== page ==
Opposition candidates say the moves suggested that pro-Beijing officials were concerned about a resounding defeat in the September election. Even establishment candidates have been quietly discussing the potential for a pan-democratic wave.
Elections for neighborhood-level offices, held last November, were seen as a warning: The opposition took control of 17 out of 18 district councils, which had normally been controlled by pro-Beijing parties.
This year, the opposition set its sights on a bigger target: to take at least half the 70 seats in the Legislative Council, the top lawmaking body in the territory.
While the protests have abated in recent weeks under the authorities’ crackdown, discontent with the government has remained strong since Beijing imposed the security law on Hong Kong, a semiautonomous city that maintains its own local government and legal system.
Two weeks ago, more than 600,000 people participated in the opposition camp’s primary election, despite warnings from local officials that it might be illegal. Voters generally preferred candidates closely associated with the past year’s protests.
In barring the candidates for the September elections, election officials questioned whether candidates who had previously lobbied foreign governments would continue to do so, which could potentially violate the new security law’s prohibitions on foreign influence. Another question asked was whether candidates, if elected, would veto the government’s budget. Under Hong Kong’s system, if the legislature blocks the budget twice in a row, the chief executive is forced to step down.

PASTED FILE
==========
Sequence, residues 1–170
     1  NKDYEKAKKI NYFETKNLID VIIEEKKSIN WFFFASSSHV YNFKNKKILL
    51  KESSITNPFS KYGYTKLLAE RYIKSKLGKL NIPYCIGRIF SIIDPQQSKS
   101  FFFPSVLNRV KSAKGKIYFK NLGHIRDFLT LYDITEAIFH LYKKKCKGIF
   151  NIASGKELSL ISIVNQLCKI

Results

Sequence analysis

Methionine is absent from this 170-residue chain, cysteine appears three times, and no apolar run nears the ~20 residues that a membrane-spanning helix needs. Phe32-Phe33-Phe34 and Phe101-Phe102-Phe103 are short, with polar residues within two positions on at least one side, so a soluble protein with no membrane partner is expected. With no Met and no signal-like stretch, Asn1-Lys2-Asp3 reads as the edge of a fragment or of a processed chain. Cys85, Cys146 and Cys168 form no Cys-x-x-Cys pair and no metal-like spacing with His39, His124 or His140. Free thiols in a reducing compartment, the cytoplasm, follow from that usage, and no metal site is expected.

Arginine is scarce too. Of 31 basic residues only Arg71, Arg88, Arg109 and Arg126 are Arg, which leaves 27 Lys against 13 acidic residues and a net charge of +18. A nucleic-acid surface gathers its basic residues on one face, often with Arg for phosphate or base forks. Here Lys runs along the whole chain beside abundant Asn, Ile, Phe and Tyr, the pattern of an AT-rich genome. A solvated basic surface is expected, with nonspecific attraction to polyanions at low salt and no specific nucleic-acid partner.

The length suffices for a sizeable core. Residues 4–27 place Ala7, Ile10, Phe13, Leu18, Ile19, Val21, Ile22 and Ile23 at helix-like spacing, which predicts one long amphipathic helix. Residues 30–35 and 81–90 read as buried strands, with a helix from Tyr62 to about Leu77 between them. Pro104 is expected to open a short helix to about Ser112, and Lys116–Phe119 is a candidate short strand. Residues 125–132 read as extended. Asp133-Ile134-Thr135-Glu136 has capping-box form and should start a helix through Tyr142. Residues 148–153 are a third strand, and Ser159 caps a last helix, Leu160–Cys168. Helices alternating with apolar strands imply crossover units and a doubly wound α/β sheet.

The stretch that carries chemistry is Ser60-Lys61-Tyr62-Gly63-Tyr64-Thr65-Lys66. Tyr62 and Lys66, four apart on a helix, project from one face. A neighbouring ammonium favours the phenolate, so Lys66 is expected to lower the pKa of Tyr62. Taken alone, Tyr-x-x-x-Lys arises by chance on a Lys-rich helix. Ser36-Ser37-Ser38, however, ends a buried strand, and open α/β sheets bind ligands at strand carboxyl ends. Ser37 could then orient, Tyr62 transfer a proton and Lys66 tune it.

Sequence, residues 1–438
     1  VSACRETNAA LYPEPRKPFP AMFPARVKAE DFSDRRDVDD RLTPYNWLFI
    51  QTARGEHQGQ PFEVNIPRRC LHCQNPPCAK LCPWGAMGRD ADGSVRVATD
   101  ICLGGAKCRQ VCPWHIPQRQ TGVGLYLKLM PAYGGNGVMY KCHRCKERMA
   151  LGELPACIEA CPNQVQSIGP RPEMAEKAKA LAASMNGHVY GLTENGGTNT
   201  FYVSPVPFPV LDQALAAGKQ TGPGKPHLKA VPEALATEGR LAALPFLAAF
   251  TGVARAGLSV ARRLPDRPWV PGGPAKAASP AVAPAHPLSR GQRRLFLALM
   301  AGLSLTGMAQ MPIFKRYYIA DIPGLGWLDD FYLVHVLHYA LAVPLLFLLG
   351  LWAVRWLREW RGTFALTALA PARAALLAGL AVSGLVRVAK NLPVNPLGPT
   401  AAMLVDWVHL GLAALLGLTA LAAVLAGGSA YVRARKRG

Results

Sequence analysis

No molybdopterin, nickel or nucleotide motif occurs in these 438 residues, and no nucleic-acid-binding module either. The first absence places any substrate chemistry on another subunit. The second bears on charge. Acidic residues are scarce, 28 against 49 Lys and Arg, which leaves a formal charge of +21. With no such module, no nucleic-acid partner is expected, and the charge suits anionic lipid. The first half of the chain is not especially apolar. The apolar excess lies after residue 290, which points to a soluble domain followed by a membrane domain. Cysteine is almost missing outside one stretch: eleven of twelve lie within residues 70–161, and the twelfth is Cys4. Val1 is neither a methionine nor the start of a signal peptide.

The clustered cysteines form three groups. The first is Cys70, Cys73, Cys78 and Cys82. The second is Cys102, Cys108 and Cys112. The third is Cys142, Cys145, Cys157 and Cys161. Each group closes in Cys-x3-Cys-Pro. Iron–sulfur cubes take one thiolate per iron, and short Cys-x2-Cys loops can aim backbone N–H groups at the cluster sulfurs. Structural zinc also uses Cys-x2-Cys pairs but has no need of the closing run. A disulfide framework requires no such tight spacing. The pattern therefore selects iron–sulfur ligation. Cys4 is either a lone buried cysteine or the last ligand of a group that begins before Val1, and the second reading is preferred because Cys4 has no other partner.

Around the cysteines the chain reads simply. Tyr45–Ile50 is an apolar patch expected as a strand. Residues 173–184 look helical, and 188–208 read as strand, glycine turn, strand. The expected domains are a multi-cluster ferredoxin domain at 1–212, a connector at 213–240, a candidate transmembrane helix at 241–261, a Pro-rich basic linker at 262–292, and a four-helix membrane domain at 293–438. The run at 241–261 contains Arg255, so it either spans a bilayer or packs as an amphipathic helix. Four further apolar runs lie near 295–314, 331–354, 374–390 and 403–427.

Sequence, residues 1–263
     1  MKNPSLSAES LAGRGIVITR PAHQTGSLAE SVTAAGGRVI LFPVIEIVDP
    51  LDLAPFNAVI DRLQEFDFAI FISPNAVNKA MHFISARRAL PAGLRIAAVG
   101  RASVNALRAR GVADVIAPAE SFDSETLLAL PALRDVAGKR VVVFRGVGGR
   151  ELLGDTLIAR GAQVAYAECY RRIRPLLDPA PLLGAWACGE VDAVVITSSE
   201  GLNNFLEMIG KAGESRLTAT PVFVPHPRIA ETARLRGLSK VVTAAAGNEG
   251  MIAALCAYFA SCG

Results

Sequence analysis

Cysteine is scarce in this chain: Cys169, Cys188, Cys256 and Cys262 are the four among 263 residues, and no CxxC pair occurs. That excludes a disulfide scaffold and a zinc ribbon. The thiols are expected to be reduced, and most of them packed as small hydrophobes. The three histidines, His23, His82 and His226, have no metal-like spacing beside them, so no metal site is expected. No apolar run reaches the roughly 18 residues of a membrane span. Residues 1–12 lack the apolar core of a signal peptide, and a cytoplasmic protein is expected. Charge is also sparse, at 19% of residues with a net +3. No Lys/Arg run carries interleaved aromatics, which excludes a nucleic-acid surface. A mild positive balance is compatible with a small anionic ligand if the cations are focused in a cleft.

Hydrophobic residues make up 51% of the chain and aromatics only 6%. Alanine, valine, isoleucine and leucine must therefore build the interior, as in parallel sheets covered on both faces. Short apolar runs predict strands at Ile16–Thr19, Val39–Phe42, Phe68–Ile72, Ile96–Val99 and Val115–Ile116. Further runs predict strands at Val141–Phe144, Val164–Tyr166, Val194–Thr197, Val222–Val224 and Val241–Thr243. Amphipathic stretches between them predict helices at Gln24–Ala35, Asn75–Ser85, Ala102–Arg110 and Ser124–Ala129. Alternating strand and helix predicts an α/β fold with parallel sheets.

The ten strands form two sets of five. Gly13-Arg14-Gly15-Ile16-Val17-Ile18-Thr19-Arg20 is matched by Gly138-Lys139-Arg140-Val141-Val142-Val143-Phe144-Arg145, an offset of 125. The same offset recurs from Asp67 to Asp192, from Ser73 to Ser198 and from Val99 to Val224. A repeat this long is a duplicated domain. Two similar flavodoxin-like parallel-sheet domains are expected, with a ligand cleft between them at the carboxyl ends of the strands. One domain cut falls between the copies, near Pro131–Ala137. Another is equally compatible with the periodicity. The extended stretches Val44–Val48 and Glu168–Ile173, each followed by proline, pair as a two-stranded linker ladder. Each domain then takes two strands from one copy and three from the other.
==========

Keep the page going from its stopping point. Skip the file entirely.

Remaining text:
Kwok Ka-ki, a legislator who was one of the 12 candidates disqualified Thursday, replied that such a question was political in nature, and that he was unsure why an election official had any business asking it. “After all, this is why there are elections in the first place,” he wrote.
Just half the seats in the legislature represent geographic districts in Hong Kong, another barrier for the pro-democracy camp. The other half are functional constituencies largely set aside for candidates from various commercial sectors, which tend to vote for establishment candidates.
“I don’t think many people in Hong Kong will be convinced,” Mr. Ma said, referring to the official justification for delaying the election. “They are allowed to go to work, take the subway, take the bus, stand in long queues and then not allowed to vote? It won’t be very convincing.”
Elaine Yu and Tiffany May contributed reporting from Hong Kong. Keith Bradsher contributed reporting, and Claire Fu contributed research, from Beijing.